[98] Jeffrey Gettleman, “Islamists Calm Somali Capital with Restraint,” New York Times, September 24, 2006, A1, (accessed January 1, 2021).

[99] Andrew Cawthorne, “US says al Qaeda behind Somali Islamists,” Reuters, December 15, 2006, cited in Barnes and Hassan (2007), 6.

[100] Barnes and Hassan (2007), 3.

[101] Hansen (2013), 31.

[102] Ali Hirsi Ahmed, Constitution-Making in Somalia: A Critical Analysis, 1960–2013, MA Thesis, Institute of Diplomacy and International Studies (Nairobi: University of Nairobi, 2014), 46.

[103] International Crisis Group (2006), 1.

[104] Barnes and Hassan (2007), 4.

[105] Harper (2012), 170.

[106] Ibid.

[107] International Crisis Group (2006), 12. Swart (2007), 113.

[108] Interview 87 with Muuse, former senior government minister in Mogadishu, Somalia (conducted in Addis Ababa, Ethiopia) (August 2013).

[109] “Profile: Somalia’s Islamic Courts,” BBC News, June 6, 2006, (accessed January 1, 2021).

[110] Barnes and Hassan (2007), 4.

[111] Interview 127 with Sheikh Oweis, sheikh and senior university administrator in Hargeisa, Somaliland (June 2014).

[112] Interview 85 with Ibrahim, NGO program adviser in Nairobi, Kenya (August 2013).

[113] Interview 87 with Muuse, former senior government minister in Mogadishu, Somalia (conducted in Addis Ababa, Ethiopia) (August 2013).

[114] Mukhtar (2007), 125, citing International Crisis Group (2006), 7–8.

[115] International Crisis Group (2006), 22.

[116] Andre Le Sage, “Somalia’s Endless Transition: Breaking the Deadlock,” Strategic Forum No. 257 (Washington, DC: Institute for National Strategic Studies, National Defense University 2010).

[117] Interview 87 with Muuse, former senior government minister in Mogadishu, Somalia (conducted in Addis Ababa, Ethiopia) (August 2013). Like any authority, the ICU did not have total support. It faced opposition in Kismayo, where residents saw the ICU as the disguise of a clan seeking to dominate their own clans. Barnes and Hassan (2007), 5.

[118] Interview 133 with Stephanie, researcher and author in London, England (July 2014).

[119] Gettleman (2006); see also Cavedon (2014), 497.

[120] “Somalia: Mogadishu Islamic Leaders Claim Victory Over Rivals,” United Nations Integrated Regional Information Network (IRIN) News, June 5, 2006, (accessed January 1, 2021).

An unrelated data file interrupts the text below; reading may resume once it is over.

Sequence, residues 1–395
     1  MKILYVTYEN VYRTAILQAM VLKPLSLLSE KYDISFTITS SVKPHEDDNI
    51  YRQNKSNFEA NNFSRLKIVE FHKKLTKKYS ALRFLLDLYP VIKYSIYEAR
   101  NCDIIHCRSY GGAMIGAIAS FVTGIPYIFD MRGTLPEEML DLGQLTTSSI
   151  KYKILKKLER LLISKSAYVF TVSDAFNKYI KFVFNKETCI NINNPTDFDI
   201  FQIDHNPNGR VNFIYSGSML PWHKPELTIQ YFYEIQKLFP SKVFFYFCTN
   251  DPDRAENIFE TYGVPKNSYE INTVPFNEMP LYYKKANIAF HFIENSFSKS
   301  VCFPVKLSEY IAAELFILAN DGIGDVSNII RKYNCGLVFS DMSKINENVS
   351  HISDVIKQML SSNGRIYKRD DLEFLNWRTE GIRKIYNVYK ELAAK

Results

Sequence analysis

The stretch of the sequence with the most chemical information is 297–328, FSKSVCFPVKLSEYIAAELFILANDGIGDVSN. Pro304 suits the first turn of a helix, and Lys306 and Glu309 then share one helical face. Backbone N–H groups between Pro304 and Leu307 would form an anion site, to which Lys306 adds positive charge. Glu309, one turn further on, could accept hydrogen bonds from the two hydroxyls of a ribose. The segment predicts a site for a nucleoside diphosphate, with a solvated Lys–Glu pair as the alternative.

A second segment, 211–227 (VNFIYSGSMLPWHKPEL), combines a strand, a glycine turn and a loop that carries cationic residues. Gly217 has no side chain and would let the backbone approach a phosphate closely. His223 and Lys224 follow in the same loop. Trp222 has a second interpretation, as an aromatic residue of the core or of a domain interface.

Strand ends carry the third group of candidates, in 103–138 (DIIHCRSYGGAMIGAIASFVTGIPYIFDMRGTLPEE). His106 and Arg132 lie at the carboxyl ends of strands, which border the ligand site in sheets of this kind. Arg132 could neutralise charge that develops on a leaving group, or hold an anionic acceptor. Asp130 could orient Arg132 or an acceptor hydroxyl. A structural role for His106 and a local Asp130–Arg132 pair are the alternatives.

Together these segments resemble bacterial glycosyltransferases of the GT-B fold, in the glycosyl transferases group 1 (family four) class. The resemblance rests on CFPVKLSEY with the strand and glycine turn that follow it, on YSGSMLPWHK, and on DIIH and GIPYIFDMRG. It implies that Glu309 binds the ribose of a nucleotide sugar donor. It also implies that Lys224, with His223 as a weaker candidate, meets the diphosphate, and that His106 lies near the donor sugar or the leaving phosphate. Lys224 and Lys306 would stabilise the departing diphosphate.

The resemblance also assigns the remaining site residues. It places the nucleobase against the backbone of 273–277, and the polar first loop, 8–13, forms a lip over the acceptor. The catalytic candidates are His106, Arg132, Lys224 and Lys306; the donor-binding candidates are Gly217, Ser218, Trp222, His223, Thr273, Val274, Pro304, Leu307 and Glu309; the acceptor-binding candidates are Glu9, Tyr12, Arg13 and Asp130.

[121] Swart (2007), 116.

[122] Issaka K Souaré, “Conclusions: Towards a Revived Somali State,” in Somalia at the Crossroads: Challenges and Perspectives in Reconstituting a Failed State, eds. Abdulahi A. Osman and Issaka K. Souaré (London: Adonis & Abbey, 2007), 209–210.

[123] International Crisis Group (2006), 1.

[124] United Nations Security Council, “Security Council Approves African Protection, Training Mission in Somalia, Unanimously Adopting Resolution 1725 (2006),” United Nations Security Council Press Release SC/8887, December 6, 2006, (accessed January 1, 2021).

[125] The US military’s goal was to ensure that the ICU cannot “be reconstituted as a political entity.” Shank (2007), 90.

[126] Fred M. Shelley, Governments around the World: From Democracies to Theocracies (Santa Barbara, CA: ABC-CLIO, 2015), 379.

[127] Barnes and Hassan (2007), 6.

[128] Interview 9 with Naqeeb, professor at the University of Mogadishu, Somalia (conducted in person in Hargeisa, Somaliland) (June 2013).

[129] Harper (2012), 171, citing a blog post by anthropologist Markus Virgil Hoehne, who in turn cites a report of the West Point Center for Combatting Terrorism.

[130] Harding (2016), 155.

[131] Harper (2012).

[132] “Somalia: Escalation and Human Rights Abuses,” AfricaFocus, April 9, 2007, (accessed January 1, 2021); see also “Help Thousands Displaced, Civil Society Urges Aid Agencies,” United Nations Integrated Regional Information Network (IRIN) News, April 18, 2007, (accessed January 1, 2021); see also Barnes and Hassan (2007), 6–7.

[133] Cavedon (2014), 479, citing Menkhaus (2002).

[134] Interview 114 with Mustafa, senior government official and former aqil of British colonial administration (June 2014).